Among the most pressing issues of smart cities technology are equity and fairness. At the Smart Cities Connect morning plenary session on March 28th, San Francisco mayor Mark Farrell powerfully reframed the entire smart cities discussion around technology’s role in society. He spoke about how unequal access to computing services and skills—the so-called “digital divide”—doesn’t just perpetuate entrenched inequality; it worsens it. 35% of low-income African Americans and Hispanics in San Francisco lack internet access beyond a smartphone. As MPC President MarySue Barrett described in an article late last year, the digital divide will affect educational attainment, occupational opportunities, healthcare access and civic participation in profound and long-lasting ways.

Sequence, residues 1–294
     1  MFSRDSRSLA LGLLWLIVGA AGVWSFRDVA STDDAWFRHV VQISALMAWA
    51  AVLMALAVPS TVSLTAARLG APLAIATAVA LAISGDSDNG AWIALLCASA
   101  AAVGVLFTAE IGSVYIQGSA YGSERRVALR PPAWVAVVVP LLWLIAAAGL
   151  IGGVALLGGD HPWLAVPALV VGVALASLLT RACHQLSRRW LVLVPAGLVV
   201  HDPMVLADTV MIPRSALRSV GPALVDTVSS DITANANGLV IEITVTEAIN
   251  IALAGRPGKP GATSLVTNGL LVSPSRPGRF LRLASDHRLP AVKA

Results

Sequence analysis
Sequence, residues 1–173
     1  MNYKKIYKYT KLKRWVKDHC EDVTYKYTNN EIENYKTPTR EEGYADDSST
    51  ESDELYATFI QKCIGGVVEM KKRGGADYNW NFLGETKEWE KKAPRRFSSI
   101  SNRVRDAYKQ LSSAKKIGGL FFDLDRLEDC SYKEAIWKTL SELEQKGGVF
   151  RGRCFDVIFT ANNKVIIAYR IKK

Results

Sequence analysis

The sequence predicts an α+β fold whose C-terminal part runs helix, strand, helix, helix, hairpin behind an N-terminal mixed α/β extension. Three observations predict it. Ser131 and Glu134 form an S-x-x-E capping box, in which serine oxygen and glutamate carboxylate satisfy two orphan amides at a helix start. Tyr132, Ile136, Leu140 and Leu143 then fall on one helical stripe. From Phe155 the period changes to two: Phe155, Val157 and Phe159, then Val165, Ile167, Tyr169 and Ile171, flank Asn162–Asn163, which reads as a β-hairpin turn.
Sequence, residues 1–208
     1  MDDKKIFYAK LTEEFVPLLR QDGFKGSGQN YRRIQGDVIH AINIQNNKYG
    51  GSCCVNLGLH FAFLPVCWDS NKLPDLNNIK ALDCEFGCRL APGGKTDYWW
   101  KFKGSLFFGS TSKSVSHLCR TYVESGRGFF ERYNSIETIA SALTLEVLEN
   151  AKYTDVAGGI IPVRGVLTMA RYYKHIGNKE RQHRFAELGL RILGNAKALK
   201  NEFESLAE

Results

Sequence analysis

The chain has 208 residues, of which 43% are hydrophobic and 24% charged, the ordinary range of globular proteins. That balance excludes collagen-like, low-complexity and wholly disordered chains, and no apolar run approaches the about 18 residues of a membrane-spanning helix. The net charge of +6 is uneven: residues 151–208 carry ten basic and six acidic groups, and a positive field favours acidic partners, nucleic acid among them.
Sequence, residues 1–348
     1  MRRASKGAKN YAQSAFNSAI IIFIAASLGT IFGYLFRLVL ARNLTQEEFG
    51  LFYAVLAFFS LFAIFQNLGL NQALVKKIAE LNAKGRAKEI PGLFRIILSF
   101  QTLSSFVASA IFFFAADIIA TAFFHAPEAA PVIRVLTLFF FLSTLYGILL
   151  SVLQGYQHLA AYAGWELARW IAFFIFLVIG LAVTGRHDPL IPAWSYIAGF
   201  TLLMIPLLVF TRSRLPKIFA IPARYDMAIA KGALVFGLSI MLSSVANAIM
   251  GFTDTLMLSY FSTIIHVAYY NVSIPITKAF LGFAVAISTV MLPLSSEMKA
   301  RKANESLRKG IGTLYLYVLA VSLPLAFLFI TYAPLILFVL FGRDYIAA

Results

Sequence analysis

Farrell argued that digital inequity is a fundamental problem for smart cities, and that lasting solutions will ultimately need to come from policymakers. To that end, he proposed that we radically rethink broadband service by switching Internet delivery from a demand model—the way you purchase internet service today—to a utility model, where broadband assets are publicly owned and service is as easy to access as running water. After all, according to Farrell, “The Internet is our 21st century utility,” and internet connectivity will enable previously disconnected households the ability to access job training and services that they wouldn't otherwise.

The pace of innovation is so rapid that cities are carrying out smart initiatives before the long-term implications of making cities “smart” are well understood.